The design process of a product is iterative due to a series of changes that range from client specifications to quality defects. From each of such changes, designers end up with a considerable amount of design files, additionally, if files have to be exchanged with other partners they have to be translated based on the available neutral file formats. In order to identify specific elements stored on the resulting translated files, the designer needs to make use of a CAD system. If the amount of files to consult is significant, the task becomes excessively time consuming. The approach presented here, focuses on the creation of semantic models providing the user; query capabilities over a collection of CAD models in order to identify a specific design based on particular conditions along with exploration capabilities to detect key elements from any IGES CAD file. Both capabilities possible without the need of using a CAD system. © Springer-Verlag 2013. Source

Kirschel A.N.G.,University of Cyprus | Kirschel A.N.G.,University of California at Los Angeles | Kirschel A.N.G.,University of Oxford | Cody M.L.,University of California at Los Angeles | And 4 more authors.
Ibis | Year: 2011

The ability to monitor interactions between individuals over time can provide us with information on life histories, mating systems, behavioural interactions between individuals and ecological interactions with the environment. Tracking individuals over time has traditionally been a time- and often a cost-intensive exercise, and certain types of animals are particularly hard to monitor. Here we use canonical discriminant analysis (CDA) to identify individual Mexican Ant-thrushes using data extracted with a semi-automated procedure from song recordings. We test the ability of CDA to identify individuals over time, using recordings obtained over a 4-year period. CDA correctly identified songs of 12 individual birds 93.3% of the time from recordings in one year (2009), while including songs of 18 individuals as training data. Predicting singers in one year using recordings from other years indicated some instances of variation, with correct classification in the range of 67-88%; one individual was responsible for the great majority (66%) of classification errors. We produce temporal maps of the study plot showing that considerably more information was provided by identifying individuals from their songs than by ringing and re-sighting colour-ringed individuals. The spatial data show site fidelity in males, but medium-term pair bonds and an apparently large number of female floaters. Recordings can be used to monitor intra- and intersexual interactions of animals, their movements over time, their interactions with the environment and their population dynamics. © 2011 The Authors. Journal compilation © 2011 British Ornithologists' Union. Source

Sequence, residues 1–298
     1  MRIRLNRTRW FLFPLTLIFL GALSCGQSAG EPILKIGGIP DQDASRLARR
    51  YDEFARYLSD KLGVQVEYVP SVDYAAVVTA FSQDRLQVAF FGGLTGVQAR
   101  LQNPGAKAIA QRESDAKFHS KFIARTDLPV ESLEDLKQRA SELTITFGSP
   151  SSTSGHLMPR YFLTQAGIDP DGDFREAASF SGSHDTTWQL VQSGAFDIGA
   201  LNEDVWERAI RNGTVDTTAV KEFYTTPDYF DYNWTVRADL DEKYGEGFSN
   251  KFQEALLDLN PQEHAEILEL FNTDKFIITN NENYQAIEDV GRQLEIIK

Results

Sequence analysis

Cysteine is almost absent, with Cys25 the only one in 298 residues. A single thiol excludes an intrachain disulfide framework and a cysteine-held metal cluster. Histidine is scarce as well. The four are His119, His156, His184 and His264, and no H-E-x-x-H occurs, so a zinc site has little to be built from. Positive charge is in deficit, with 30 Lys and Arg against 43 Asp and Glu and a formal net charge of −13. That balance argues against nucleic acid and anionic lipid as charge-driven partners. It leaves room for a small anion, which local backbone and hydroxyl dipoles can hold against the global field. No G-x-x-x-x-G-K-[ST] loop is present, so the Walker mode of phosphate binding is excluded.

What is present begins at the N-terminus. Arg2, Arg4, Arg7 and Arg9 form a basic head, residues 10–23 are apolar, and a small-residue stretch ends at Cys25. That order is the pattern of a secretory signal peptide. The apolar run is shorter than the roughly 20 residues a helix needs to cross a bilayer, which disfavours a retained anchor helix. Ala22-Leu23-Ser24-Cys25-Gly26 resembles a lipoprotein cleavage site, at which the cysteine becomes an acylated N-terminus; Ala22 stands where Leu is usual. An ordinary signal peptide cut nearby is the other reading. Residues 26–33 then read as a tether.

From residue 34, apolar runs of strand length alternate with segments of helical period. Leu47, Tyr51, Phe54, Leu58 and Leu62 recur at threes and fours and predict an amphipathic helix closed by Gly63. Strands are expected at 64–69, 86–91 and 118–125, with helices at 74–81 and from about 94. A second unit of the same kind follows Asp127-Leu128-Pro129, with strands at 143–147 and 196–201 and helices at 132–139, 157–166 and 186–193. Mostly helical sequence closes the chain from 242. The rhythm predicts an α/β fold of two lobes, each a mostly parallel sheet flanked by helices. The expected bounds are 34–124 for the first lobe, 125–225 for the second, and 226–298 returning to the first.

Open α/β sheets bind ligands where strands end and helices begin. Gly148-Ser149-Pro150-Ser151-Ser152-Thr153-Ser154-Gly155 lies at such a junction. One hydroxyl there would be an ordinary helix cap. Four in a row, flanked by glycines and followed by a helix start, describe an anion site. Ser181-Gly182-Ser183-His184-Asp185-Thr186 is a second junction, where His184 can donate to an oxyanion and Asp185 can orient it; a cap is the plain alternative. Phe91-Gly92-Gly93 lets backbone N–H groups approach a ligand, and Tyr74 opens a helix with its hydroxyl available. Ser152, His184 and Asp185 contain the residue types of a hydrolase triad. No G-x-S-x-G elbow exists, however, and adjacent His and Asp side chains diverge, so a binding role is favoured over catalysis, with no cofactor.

Moreno-Rios M.,National Polytechnic Institute of Mexico | Gallardo-Hernandez E.A.,National Polytechnic Institute of Mexico | Vite-Torres M.,National Polytechnic Institute of Mexico | Pena-Bautista A.,ITESM Campus Estado de Mexico
Proceedings of the Institution of Mechanical Engineers, Part F: Journal of Rail and Rapid Transit | Year: 2016

The aim of this work was to prove that the oil applied to the wheel flange using on-board lubricators not only alters the friction coefficient between wheel and rail but also influences the braking and acceleration performance of trains on one of the lines of the metro in Mexico City. A series of tests were carried out in the presence of an oil lubricant, both in the laboratory and in the field, using a pendulum tester. It was observed that the oil migrated from the rail corner to the top of the rail. In another set of experiments, water was sprayed onto the lubricant on the top of the rail. The results indicated that under these conditions, the friction coefficient has a low value in rail sections where a high value of the friction coefficient is required. Tests with water/oil mixtures presented similar levels of friction to the oil-only tests. A set of tests were performed after the rail surface was cleaned and the oil lubricant and water were applied together. The laboratory and field tests showed similar behaviour trends for the friction coefficient. The pendulum method can be used to assess railhead friction on short-length sections of rail. Points are made regarding the conditioning of the pads and calibration of the pendulum arm. © 2014 Institution of Mechanical Engineers. Source